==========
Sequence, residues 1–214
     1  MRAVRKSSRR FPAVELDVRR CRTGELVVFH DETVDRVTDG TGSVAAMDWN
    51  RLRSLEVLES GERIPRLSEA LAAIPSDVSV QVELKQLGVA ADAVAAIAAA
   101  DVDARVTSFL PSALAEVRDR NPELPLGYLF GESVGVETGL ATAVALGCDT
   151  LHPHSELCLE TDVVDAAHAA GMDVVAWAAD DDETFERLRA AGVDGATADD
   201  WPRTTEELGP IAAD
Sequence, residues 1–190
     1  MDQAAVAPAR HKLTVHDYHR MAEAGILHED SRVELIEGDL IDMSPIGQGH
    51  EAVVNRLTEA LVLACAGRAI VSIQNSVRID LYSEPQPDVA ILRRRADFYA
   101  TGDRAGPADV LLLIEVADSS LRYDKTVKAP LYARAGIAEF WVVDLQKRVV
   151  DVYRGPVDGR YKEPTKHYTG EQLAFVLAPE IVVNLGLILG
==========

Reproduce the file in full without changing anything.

Sequence, residues 1–214
     1  MRAVRKSSRR FPAVELDVRR CRTGELVVFH DETVDRVTDG TGSVAAMDWN
    51  RLRSLEVLES GERIPRLSEA LAAIPSDVSV QVELKQLGVA ADAVAAIAAA
   101  DVDARVTSFL PSALAEVRDR NPELPLGYLF GESVGVETGL ATAVALGCDT
   151  LHPHSELCLE TDVVDAAHAA GMDVVAWAAD DDETFERLRA AGVDGATADD
   201  WPRTTEELGP IAAD
Sequence, residues 1–190
     1  MDQAAVAPAR HKLTVHDYHR MAEAGILHED SRVELIEGDL IDMSPIGQGH
    51  EAVVNRLTEA LVLACAGRAI VSIQNSVRID LYSEPQPDVA ILRRRADFYA
   101  TGDRAGPADV LLLIEVADSS LRYDKTVKAP LYARAGIAEF WVVDLQKRVV
   151  DVYRGPVDGR YKEPTKHYTG EQLAFVLAPE IVVNLGLILG